Copyright

Suppose two linear waves of equal amplitude and frequency have a phase difference \phi as they...

Question:

Suppose two linear waves of equal amplitude and frequency have a phase difference {eq}\phi {/eq} as they travel in the same medium. They can be represented by:

{eq}D_1 = A \sin (kx - \omega t) {/eq}

{eq}D_2 = A \sin (kx - \omega t + \phi) {/eq}

(a) Use trigonometric identity {eq}\sin\theta_1 + \sin\theta_2=2\cdot \sin (\frac{1}{2}(\theta_1 + \theta_2)) \cdot \cos (\frac{1}{2}(\theta_1 - \theta_2)) {/eq} to show that the resultant wave is given by:

{eq}D = 2\cdot A\cdot \cos \frac{\phi}{2}\cdot \sin (kx - \omega t + \frac{\phi}{2}) {/eq}

(b) What is the amplitude of this resultant wave? Is the wave purely sinusoidal, or not?

(c) Show that constructive interference occurs if {eq}\phi = 0, 2\pi, 4\pi, {/eq} and so on. Show that destructive interference occurs if {eq}\phi = \pi, 3\pi, 5\pi, {/eq} and so on.

(d) Describe the resultant wave, by equation and in words, if {eq}\phi = \frac{\pi}{2}. {/eq}

Superposition of Waves:

The principle of superposition of waves states that if there 2 or more waves traveling in a region of space, then the effect of each wave at any point in space and time, simply add up like vectors.

{eq}y=y_1+y_2+y_3... {/eq}

Here,

  • {eq}y_1 {/eq} is the displacement caused by wave 1.
  • {eq}y_2 {/eq} is the displacement caused by wave 2.
  • {eq}y_3 {/eq} is the displacement caused by wave 3 and so on.

Answer and Explanation:

The equations of individual waves are:

{eq}d_1=A\sin\left ( kx-\omega t \right )\\ d_2=A\sin\left ( kx-\omega t+\phi \right ) {/eq}

According to the principle of superposition, the net displacement due to two or more waves is equal to the vector sum of the individual displacements caused by the waves.

{eq}d=d_1+d_2 {/eq}

Here,

  • {eq}d_1 {/eq} is the displacement of the first wave.
  • {eq}d_2 {/eq} is the displacement of the second wave.


Therefore,

{eq}\begin{align*} d&=d_1+d_2\\ &=A\sin\left ( kx-\omega t \right )+A\sin\left ( kx-\omega t+\phi \right )\\ &=A\left ( \sin\left ( kx-\omega t \right )+\sin\left ( kx-\omega t+\phi \right ) \right )\\ &=A\left (2\sin\left (\dfrac{ kx-\omega t+kx-\omega t+\phi}{2} \right )\cos\left (\dfrac{ kx-\omega t-kx+\omega t-\phi}{2} \right ) \right )\\ &=2A\sin\left ( kx-\omega t+\dfrac{\phi}{2} \right )\cos\left (\dfrac{ -\phi}{2} \right ) \\ &=2A\sin\left ( kx-\omega t+\dfrac{\phi}{2} \right )\cos\left (\dfrac{ \phi}{2} \right ) \end{align*} {/eq}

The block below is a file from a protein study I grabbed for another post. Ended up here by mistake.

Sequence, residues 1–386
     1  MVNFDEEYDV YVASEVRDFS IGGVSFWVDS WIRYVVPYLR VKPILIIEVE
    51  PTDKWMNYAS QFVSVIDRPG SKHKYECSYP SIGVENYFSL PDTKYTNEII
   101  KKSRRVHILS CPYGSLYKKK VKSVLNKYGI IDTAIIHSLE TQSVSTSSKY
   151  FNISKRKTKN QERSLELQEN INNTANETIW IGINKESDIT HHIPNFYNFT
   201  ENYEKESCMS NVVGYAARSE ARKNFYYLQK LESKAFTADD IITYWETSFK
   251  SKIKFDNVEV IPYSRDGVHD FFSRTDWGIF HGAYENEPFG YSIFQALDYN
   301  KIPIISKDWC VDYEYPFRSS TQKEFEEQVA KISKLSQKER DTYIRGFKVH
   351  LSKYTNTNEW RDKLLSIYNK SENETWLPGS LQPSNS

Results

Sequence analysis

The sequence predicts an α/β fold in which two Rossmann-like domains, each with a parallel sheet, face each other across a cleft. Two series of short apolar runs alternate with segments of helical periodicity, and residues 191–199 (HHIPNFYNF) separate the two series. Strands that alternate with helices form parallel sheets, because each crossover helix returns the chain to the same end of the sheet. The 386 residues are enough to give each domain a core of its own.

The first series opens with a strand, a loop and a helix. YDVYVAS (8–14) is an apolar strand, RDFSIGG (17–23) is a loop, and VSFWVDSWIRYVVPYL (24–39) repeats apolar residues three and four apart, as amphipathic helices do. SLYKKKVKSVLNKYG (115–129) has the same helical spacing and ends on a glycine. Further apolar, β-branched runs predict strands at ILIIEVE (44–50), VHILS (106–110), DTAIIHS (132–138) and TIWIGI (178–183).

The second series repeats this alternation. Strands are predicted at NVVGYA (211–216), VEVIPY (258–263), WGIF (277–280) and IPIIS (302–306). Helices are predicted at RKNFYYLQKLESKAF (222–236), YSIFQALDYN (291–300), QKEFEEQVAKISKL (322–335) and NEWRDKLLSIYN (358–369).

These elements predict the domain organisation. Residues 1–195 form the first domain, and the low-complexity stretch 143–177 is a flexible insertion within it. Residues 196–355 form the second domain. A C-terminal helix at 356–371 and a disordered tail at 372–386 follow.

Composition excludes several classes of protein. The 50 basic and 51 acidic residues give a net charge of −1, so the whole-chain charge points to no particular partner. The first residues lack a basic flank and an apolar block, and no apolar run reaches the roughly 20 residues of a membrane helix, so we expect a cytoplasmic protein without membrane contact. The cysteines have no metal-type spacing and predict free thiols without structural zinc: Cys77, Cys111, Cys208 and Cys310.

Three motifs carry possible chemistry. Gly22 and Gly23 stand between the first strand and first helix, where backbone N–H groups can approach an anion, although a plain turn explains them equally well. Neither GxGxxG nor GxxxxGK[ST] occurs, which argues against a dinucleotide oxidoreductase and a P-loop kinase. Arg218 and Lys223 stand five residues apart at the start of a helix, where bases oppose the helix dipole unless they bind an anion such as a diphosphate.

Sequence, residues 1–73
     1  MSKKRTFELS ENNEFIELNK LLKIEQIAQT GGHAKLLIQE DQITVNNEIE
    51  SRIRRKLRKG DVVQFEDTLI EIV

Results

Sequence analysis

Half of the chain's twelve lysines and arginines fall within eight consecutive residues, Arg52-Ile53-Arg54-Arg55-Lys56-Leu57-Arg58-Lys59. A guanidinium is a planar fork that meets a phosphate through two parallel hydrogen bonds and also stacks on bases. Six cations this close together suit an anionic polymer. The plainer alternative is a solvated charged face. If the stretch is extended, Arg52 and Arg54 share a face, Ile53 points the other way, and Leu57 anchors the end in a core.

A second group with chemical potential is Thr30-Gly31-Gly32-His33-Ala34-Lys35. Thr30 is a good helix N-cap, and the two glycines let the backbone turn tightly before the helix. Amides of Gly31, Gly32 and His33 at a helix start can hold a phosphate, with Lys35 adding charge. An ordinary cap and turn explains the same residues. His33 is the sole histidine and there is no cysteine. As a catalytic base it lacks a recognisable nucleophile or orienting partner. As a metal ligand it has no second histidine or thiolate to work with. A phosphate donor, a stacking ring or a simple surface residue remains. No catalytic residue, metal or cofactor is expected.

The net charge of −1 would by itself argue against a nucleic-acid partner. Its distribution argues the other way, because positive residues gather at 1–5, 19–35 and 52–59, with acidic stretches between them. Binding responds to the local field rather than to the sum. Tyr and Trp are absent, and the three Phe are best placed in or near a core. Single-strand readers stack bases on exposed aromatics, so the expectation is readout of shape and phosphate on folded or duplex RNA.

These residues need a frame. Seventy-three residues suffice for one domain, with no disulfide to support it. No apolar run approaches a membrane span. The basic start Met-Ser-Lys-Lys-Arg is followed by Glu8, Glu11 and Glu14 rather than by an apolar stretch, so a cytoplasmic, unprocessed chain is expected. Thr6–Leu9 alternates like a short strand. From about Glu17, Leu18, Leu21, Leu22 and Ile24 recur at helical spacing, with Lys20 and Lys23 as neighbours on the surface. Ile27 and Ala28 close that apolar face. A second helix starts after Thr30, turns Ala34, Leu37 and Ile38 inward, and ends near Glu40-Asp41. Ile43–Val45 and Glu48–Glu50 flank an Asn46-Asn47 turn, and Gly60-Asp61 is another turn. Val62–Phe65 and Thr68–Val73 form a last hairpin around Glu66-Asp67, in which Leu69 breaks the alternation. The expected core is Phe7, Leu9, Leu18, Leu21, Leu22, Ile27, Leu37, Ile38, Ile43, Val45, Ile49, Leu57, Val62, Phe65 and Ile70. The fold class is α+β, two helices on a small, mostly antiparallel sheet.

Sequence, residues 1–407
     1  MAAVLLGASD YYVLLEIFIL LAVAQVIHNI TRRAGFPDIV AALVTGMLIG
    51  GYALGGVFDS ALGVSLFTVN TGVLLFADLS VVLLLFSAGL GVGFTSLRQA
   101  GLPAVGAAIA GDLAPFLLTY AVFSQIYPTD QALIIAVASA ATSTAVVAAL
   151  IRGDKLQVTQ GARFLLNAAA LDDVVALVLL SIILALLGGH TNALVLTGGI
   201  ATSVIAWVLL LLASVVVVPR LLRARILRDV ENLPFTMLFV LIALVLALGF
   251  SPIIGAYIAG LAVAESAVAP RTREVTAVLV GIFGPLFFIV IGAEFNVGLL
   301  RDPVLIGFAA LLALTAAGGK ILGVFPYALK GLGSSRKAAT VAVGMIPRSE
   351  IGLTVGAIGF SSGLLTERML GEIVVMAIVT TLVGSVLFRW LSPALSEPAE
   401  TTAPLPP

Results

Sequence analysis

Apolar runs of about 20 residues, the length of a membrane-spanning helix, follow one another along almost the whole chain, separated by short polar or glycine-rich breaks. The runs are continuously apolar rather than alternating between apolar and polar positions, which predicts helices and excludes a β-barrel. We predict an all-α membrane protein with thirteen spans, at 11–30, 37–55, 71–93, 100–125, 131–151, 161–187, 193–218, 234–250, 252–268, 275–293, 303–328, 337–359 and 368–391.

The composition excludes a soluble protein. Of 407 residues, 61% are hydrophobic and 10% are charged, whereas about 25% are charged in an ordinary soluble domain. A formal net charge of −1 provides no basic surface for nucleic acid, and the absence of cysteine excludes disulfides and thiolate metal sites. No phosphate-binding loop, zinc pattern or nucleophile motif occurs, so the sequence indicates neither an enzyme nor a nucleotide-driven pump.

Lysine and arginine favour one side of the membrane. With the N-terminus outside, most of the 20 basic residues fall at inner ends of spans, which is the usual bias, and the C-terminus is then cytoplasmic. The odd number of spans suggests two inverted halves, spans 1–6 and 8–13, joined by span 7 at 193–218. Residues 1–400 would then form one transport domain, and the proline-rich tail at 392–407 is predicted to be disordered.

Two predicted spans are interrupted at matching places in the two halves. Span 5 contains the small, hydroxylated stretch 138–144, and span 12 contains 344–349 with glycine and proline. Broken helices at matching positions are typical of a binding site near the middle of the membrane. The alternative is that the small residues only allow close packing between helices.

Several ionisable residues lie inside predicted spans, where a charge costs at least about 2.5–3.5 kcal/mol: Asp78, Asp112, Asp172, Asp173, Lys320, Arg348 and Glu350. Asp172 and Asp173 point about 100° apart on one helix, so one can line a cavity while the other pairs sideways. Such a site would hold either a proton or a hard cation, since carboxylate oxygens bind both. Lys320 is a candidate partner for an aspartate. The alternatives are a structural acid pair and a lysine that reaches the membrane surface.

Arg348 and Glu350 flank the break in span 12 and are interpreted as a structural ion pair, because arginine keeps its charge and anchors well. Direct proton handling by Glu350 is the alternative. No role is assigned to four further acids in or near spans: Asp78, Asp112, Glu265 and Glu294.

b)

The amplitude of the resultant wave is:

{eq}A'=2A\cos\left (\dfrac{ \phi}{2} \right ) {/eq}

In terms of new amplitude, the resultant wave becomes:

{eq}d=A'\sin\left ( kx-\omega t+\dfrac{\phi}{2} \right ) {/eq}

which is purely sinusoidal.


c)

Constructive interference occurs when the amplitude of the resultant wave is maximum i.e

{eq}A'=2A\cos\left (\dfrac{ \phi}{2} \right ) {/eq}

is maximum.

This occurs when {eq}\cos\left (\dfrac{ \phi}{2} \right ) {/eq} is maximum.

The maximum values of {eq}\cos\,\theta {/eq} occurs when {eq}\theta=0,\pi,2\pi,3\pi... {/eq}

Therefore,

{eq}\phi/2=0,\pi,2\pi,3\pi...\\ \therefore \phi=0,2\pi,4\pi,6\pi ... {/eq}


Similarly, desctructive interference occurs when {eq}A' {/eq} is minimum. This occurs when {eq}\cos\left (\dfrac{ \phi}{2} \right ) {/eq} is zero.

Since {eq}\cos\,\theta=0 {/eq} for {eq}\theta=\pi/2,3\pi/2,5\pi/2...\\ \therefore \phi/2=\pi/2,3\pi/2,5\pi/2...\\ \therefore \phi=\pi, 3\pi, 5\pi {/eq}


d)

For {eq}\phi=\dfrac{\pi}{2} {/eq}, the amplitude of the resultant wave becomes:

{eq}A'=2A\cos\left (\dfrac{ \pi}{4} \right ) =\dfrac{A}{\sqrt 2} {/eq}

The equation of the resultant wave becomes:

{eq}d=\dfrac{A}{\sqrt 2}\sin\left ( kx-\omega t+\dfrac{ \pi}{4} \right ) {/eq}

Therefore, the resultant wave has an amplitude lower than either of the original waves. The angular frequency of the resultant wave is the same as that of the original waves.



Learn more about this topic:

Loading...
The Resultant Amplitude of Two Superposed Waves

from MEGA Physics: Practice & Study Guide

Chapter 15 / Lesson 10
23K

Related to this Question

Explore our homework questions and answers library